The new hotel was designed by Boardman to be spacious, luxurious and to have installed the latest modern fixtures and fittings of the time. Boardman also incorporated into the design of the new hotel part of the interior decoration of the former solicitor’s offices which had stood on the site. The offices had contained a particularly fine example of a plasterwork ceiling laid on oak lath measuring 17 feet (5.2 m) by 30 feet (9.1 m). This section of ceiling had been very carefully removed and was installed in the new first floor drawing room in the hotel, along with French casements to the balcony. The Hotel was six storeys high which included a basement. Many of the front elevation windows were mullioned. Over the front entrance to the Hotel there is a balcony with intricately sculpted brick latticework. This exterior decorative brickwork is known as Costesseyware, with the materials for this work being supplied from the brick works of George Gunton in Costessey. These bricks are to be found on many building in and around Norwich and were used and promoted by local architects such as Boardman and George Skipper. This method of brickwork was easily rubbed and shaped to form intricate patterns and sculptures. The front elevation of the building is a built in a semi circular curve running from the top of Prince of Wales Road into Bank Plain and has three gable end incorporated into the curve all of which have further alternating brickwork decorative detailing. The front elevation at street level was constructed from stone masonry of a colour to match the brickwork, which begins at the first lift at ground floor level. The roof of the hotel was originally tiled with green slate.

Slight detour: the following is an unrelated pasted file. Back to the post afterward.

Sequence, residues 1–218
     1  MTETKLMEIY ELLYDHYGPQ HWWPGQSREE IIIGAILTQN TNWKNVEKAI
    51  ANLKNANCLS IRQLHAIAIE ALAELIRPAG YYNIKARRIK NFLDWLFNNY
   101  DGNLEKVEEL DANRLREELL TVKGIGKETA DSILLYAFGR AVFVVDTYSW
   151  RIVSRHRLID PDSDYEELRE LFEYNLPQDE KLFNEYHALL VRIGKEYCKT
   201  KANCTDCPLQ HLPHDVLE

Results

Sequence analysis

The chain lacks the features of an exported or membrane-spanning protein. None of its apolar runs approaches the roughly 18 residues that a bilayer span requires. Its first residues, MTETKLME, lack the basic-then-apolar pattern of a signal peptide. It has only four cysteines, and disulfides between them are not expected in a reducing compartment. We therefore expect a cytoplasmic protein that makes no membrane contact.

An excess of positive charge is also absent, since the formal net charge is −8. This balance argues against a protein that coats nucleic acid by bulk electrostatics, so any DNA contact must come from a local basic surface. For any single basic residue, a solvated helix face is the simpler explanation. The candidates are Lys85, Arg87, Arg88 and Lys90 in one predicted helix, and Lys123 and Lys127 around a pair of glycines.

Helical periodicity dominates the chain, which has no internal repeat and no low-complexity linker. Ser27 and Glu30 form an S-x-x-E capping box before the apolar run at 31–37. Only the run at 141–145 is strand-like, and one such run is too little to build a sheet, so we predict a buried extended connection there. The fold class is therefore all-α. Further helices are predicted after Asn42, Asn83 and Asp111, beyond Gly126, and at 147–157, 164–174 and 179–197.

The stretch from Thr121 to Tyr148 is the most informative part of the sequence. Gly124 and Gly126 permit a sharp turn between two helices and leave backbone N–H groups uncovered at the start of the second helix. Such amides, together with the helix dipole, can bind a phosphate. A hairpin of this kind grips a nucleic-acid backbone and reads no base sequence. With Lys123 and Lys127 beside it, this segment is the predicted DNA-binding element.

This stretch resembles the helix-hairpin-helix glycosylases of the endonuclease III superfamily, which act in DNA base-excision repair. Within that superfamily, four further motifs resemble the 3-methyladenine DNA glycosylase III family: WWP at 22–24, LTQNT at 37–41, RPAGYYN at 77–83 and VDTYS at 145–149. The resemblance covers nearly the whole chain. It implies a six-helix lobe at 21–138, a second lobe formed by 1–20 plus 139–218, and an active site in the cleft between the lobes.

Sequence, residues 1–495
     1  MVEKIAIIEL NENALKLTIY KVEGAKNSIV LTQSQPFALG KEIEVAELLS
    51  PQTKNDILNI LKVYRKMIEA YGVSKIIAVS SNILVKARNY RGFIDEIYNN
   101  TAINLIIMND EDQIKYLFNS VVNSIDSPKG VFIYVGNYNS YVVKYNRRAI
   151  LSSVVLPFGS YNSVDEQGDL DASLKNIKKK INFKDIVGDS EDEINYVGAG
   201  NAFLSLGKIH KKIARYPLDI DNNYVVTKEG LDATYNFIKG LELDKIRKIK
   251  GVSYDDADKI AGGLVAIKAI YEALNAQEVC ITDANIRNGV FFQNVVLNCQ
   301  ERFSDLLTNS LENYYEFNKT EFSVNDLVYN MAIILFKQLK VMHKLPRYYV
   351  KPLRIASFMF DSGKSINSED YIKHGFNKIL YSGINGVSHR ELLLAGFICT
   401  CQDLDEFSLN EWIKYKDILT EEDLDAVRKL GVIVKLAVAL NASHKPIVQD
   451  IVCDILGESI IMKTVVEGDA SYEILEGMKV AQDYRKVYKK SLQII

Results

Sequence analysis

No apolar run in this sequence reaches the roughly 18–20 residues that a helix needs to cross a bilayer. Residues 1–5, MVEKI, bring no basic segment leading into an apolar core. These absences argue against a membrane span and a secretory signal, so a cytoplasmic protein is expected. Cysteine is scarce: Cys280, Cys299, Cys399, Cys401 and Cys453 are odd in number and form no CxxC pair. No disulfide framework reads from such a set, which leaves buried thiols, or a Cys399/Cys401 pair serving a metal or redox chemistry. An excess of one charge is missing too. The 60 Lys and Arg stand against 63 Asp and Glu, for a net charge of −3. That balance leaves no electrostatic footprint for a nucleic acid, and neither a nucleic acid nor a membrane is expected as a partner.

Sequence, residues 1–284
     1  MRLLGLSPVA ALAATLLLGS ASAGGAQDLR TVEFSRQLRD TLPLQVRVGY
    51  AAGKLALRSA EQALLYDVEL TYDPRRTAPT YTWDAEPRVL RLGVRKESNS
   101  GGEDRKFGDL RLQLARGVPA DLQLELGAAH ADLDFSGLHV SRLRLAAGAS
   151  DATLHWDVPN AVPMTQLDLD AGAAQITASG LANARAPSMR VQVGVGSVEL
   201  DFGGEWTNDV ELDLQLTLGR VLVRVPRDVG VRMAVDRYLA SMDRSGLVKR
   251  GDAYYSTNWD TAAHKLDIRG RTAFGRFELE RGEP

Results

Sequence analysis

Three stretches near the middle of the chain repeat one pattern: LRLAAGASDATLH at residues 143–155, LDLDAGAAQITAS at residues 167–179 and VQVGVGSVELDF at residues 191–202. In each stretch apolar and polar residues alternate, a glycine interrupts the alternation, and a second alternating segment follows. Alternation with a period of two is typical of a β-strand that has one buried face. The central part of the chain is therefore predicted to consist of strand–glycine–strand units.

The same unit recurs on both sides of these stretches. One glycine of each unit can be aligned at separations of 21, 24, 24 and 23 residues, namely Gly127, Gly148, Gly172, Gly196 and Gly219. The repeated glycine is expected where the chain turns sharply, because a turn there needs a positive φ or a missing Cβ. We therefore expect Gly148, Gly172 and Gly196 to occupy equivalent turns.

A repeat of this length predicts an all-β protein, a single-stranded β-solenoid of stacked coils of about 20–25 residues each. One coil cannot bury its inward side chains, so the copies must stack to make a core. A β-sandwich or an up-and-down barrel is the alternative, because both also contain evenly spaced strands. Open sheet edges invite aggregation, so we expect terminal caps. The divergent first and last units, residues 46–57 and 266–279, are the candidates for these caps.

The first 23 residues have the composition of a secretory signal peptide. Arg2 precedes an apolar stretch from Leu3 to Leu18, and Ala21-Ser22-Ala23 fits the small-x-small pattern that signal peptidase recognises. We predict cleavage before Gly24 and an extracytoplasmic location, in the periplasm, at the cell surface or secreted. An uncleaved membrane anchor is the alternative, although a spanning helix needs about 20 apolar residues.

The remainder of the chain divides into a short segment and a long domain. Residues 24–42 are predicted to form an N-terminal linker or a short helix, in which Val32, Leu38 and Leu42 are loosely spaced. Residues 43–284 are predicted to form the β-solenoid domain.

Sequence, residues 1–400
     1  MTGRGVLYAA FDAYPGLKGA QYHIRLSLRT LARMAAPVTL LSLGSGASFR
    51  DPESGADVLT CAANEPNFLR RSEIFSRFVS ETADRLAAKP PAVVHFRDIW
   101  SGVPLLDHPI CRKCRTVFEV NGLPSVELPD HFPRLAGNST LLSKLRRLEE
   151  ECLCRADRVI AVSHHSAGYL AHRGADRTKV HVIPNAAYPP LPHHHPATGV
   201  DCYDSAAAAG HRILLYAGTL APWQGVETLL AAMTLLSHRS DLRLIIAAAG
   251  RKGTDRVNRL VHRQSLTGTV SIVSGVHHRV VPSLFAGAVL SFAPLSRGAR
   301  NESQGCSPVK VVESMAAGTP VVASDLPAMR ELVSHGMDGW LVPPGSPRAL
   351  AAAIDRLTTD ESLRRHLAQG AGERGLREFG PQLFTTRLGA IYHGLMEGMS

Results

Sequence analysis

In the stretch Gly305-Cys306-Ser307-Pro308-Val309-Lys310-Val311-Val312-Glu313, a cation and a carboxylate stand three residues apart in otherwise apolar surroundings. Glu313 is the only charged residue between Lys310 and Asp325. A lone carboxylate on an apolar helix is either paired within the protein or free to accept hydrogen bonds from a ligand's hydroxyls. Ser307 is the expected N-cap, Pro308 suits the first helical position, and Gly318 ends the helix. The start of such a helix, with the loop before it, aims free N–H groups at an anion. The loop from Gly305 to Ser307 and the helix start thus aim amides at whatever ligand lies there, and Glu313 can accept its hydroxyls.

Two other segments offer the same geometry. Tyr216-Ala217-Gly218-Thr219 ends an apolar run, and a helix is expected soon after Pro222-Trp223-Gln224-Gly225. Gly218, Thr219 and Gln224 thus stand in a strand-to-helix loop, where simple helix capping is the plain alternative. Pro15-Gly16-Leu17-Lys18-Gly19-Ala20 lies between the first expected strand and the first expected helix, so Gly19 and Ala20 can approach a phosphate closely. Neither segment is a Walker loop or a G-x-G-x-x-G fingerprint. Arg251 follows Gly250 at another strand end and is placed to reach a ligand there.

The interior fixtures and fitting of the hotel were of the most modern and up-to-date of the era and providing the very latest in technology and building standards, whilst the design intent was to create the feel of a comfortable country mansion. The hotel was fully electrified and the staircases were fully fire-proofed. The hotel also had a large ventilation shaft included in the design. The storeys were also connected by lifts which were installed by Laurence Scott & Co, who also installed the lighting and bells. Some of the hotel windows were illuminated with stained glass windows which were made by the Norwich firm of J & J King stain glass painters. The heating system and the Kitchen cookers and equipment was supplied by R. and A. Main of Edmonton, London. Boardman’s design gave the hotel a total of 65 guest rooms over four of the storeys with the semi- circular shape of the frontage creating the attic bedrooms to have angular corners and sloping ceilings. The hotel’s first floor dining room was to facilitate private dinners and wedding receptions and consisted of a suite which could accommodate twenty people. The basement floor contained the servants' hall, and included a pantry, pastry room and several kitchens along with a suite of rooms allocated to the plate man. There were also a plate room and office rooms, including a further bedroom.